Discussions By Condition: Neck conditions

Strange symptoms - cervical-related??

Posted In: Neck conditions 2 Replies
  • Posted By: iwantmylifeback
  • October 4, 2008
  • 09:24 PM

Hi everyone

I'm not all that good with "intros" but I'll do my best to explain what is going on with me.

I have Tourette's Syndrome with head/neck jerking, noises, cursing, etc. I've had this condition since I was a small child and it has only gotten worse as I have gotten older (I'm 45 now - and male).

I was also in an automobile accident 3 years ago in which my head slammed very hard into the windshield. This, in addition to my head/neck jerks lead me to have an MRI (in fact I've had several). The findings were that I had compressed, "leaking" and herniated vertebrae.

My symptoms throughout all of the head/neck jerking have only gotten worse as well. From time to time I will ***k my head with such force that I can feel an electric "jolt" go down my spine and my head will feel really foggy/dazed for days afterwards along with tons of anxiety (I suffer from anxiety/panic attacks too).

About a week ago, I had several such head/neck jerks throughout the day as well as this tic I have where I "scissor" my lower jaw back and forth with quite a bit of force while making noises and cursing. As a result of all this, I'm guessing a nerve (or nerves) got pinched somewhere and for several days I experienced tremors and muscle twitches in my lower jaw and lip. (very scary!). Also, ever since that day, my brain/mind feels spacey, dazed, soupy, foggy, syrupy, zombie-ish, lots of anxiety, nervousness, fatigue, some light-headedness, insomnia/early wakening, etc. Finally, it felt for at least 3-4 days like I was breathing underwater and at one point I had a hot, shooting sensation travel down the back of my left leg.

I'm just wondering if anyone here can relate to any of this or if anyone here has every experienced any of these same (or similar) symptom as a result of cervical nerve impingement, etc. I really could use a friend right now because this is scaring me and I need some reassurance.

A few details about me...

I have a history of anxiety, panic attacks, OCD, depression (but I don't currently feel depressed), Tourettes (with head/neck jerking) and lots of allergies. I'm also a reformed alcoholic. I am 45/male non-drinker/non-smoker but did used to drink/smoke.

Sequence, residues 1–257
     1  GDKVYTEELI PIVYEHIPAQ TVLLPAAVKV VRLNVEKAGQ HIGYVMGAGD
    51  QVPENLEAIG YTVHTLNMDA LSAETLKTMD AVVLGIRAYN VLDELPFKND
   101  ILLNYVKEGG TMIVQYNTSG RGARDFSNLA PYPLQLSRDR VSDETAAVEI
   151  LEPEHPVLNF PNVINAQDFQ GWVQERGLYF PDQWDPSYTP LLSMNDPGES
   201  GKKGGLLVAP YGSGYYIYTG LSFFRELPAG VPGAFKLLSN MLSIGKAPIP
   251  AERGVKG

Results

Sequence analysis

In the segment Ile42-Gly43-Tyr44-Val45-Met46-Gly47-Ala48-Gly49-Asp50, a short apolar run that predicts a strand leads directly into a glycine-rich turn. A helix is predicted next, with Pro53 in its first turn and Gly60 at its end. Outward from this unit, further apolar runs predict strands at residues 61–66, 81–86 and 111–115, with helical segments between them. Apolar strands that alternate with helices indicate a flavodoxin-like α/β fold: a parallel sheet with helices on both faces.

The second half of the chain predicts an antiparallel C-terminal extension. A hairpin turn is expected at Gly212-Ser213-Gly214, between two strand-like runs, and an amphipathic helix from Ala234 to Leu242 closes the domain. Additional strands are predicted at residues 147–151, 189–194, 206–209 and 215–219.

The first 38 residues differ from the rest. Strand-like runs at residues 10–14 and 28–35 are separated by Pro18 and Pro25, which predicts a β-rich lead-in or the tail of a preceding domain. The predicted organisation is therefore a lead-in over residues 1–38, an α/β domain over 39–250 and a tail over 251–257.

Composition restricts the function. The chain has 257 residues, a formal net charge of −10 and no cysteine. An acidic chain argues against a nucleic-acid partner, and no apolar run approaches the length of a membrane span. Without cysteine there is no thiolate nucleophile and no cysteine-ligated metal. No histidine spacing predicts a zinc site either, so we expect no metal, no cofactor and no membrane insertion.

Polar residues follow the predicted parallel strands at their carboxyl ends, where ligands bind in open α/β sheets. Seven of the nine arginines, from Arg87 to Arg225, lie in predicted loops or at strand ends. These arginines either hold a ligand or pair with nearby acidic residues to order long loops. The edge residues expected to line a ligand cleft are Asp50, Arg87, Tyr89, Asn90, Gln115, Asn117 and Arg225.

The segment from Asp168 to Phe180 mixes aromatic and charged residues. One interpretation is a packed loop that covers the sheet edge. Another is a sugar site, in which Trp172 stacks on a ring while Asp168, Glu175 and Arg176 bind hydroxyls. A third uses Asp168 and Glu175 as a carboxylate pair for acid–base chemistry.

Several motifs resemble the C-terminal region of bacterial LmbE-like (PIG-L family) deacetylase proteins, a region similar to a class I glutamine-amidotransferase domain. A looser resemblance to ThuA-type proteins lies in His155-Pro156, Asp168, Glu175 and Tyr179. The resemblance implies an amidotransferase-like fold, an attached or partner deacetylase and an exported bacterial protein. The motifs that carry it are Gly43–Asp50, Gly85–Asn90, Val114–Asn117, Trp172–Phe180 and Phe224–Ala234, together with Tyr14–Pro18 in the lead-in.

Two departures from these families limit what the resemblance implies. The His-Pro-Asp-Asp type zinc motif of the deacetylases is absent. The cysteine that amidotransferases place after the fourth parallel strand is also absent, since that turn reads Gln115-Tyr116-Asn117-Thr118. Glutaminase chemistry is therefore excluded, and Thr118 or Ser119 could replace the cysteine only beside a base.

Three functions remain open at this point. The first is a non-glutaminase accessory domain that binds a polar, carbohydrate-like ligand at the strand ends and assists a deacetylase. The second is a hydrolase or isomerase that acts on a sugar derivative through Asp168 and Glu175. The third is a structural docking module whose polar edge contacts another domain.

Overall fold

I have been taking Ativan for many years for the anxiety/panic attacks.

I guess that's about it for now.

Thanks so much, Steve

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2 Replies:

  • Have you ever looked in to getting a deep brain stimulator? As a rule, very few doctors were putting these in, but I think it may be easier to find someone now to do it. If you are unfamiliar with the device, it is much like an implanted pacemaker or defibrillator, only instead of correcting a problem that occurs in the heart, the electrode is placed in the brain. There are mixed feelings about the treatment, but it sounds like you might be a good candidate. Here is an abstract from an article I found: Current Opinion in Neurology (CURR OPIN NEUROL), 2007 Aug; 20(4): 470-6 (108 ref)PURPOSE OF REVIEW: Various movement disorders are now treated with stereotactic procedures, particularly deep brain stimulation. We review the neurosurgical treatment of dystonias and tics, focusing mainly on the surgical aspects and outcome of deep brain stimulation. RECENT FINDINGS: Pallidal stimulation is nowadays the mainstay surgical treatment for patients with dystonia, particularly generalized dystonia. Various well designed recent clinical trials support the efficacy of the procedure. Improvements of 40-80% have been reported in primary generalized, segmental and cervical dystonia. For secondary dystonia, a similar outcome has been described in patients with tardive dystonia and pantothenate kinase-associated neurodegeneration. In patients with Tourette's syndrome, the results of the first trials with thalamic and pallidal deep brain stimulation have been very promising. Improvements of 70-90% in the frequency of tics have been reported with surgery in both targets. SUMMARY: Deep brain stimulation has become an established therapy for dystonia and is currently being used to treat Tourette's syndrome. With accumulation of experience, clinical features that are more responsive to surgery and the best surgical candidates will be revealed. This will likely improve even further the outcome of surgery for the treatment of these disorders.
    jenn96rn 14 Replies
    • December 30, 2008
    • 02:00 AM
    • 0
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  • Hi. I just read your post and I was so moved by your troubles. Most of my pain was caused by contracted muscles, mostly the psoas. I, too had the pain shooting down my leg. Try reading about my experience with psoas and pirriformis muscles here - www.mystretchedbody.blogspot.com. It might be sciatic related, and if it is, you should be able to get complete relief.I also quit drinking and smoking. Let me commend you for caring about the health of your body. I hope you find help with your pain, and that you feel better, soon.Mary
    marybi 11 Replies
    • August 27, 2009
    • 08:13 AM
    • 0
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